Timberdoodle, Labrador twister, Night partridge, or Bog sucker? The American Woodcock gets no respect

Woodcock by Bruce Bertz

Woodcock by Bruce Bertz

The Michigan Department of Natural Resources Landowner Guide shares some great information about the American Woodcock (Scolopax minor):

Michigan serves as an important breeding ground for woodcock … Numbers in Michigan and other Midwestern states increased dramatically after many old growth forests were cut during the 100-year period from about 1830 to 1930. The last woodcock population peak occurred in the 1950’s. During the past 30 years, woodcock numbers have seen a steady decline. Since 1968, the number of singing males in spring has declined an average of 1.3 percent per year. Since 1985, the loss is even greater, an average of 2.8 percent per year. Hunting the birds seems to have little impact on overall numbers in the breeding population. Most experts agree that habitat loss and degradation are key reasons for the decline.

Although some people confuse woodcock with their close cousin, the snipe, the birds are separate species that belong to the sandpiper family. Unlike others in its family, woodcock prefer uplands. Woodcock are forest birds known for their erratic flight patterns and unusual spring displays by the males.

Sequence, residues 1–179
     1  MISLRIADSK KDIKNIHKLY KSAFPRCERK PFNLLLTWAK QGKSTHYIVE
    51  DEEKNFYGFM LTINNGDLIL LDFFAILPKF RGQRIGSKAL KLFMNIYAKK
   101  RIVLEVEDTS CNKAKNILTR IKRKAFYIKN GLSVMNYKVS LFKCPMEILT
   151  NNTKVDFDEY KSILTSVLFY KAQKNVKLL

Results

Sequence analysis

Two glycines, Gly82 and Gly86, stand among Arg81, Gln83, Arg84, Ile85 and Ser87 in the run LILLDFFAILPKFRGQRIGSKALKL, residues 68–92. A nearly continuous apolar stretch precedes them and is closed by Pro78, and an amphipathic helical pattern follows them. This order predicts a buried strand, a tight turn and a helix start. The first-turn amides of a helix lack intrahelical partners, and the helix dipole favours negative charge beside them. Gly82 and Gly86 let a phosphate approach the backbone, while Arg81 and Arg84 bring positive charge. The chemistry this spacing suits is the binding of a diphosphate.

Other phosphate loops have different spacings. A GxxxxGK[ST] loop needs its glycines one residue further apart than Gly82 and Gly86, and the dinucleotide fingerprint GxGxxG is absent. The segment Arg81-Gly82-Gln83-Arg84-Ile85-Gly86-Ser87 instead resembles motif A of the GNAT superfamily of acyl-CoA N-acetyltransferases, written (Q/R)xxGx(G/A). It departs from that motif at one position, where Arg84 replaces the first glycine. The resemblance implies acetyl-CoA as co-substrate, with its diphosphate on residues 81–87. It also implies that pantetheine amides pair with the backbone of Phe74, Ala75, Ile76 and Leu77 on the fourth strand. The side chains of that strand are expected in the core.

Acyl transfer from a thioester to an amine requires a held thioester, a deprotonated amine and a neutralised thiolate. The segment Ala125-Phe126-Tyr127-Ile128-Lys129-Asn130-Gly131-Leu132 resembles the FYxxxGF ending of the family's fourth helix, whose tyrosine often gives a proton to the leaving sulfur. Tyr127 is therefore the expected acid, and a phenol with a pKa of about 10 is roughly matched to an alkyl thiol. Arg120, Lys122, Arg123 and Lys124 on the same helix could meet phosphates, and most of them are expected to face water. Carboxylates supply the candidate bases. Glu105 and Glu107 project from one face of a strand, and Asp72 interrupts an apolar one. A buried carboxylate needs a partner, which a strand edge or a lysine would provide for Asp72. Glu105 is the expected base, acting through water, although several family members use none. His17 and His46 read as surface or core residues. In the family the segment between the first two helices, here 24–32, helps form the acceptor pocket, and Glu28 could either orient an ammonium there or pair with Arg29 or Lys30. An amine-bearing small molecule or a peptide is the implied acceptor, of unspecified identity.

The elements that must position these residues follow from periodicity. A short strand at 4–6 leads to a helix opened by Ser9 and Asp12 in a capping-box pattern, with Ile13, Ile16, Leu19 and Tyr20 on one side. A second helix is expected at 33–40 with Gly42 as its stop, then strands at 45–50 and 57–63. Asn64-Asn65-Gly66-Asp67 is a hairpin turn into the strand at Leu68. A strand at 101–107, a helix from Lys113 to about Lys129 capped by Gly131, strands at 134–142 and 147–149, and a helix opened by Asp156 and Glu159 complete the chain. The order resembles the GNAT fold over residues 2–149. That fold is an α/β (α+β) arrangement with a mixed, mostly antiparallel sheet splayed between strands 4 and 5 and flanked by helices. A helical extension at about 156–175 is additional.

A Senecan myth says God made the woodcock from the leftover parts of other birds. Large eyes are located along the sides of the bird’s head, allowing it to see in all directions, including directly behind. A long, thin bill that averages nearly three inches in length permits woodcock to probe in soft earth for worms, slugs and other invertebrates. Nostrils lie high against the skull so the woodcock can feed and breathe at the same time. Its ears are located beneath the eyes. Woodcock stand about eight inches tall, appear to bob when they walk, and weigh about a half-pound each.

Woodcock need young-growth forests with openings for reproduction; especially in the upper Midwest where the forests are growing older. This process of natural succession is a key reason for habitat degradation, but prime cover is also lost to roads, houses, croplands, and other human developments.

Head over to the DNR to learn how interested landowners can help by creating or improving Woodcock habitat on their property & learn more about the woodcock and its derogatory names on All About Birds.

See more in Bruce’s Michigan Parks 2022 gallery on Flickr.

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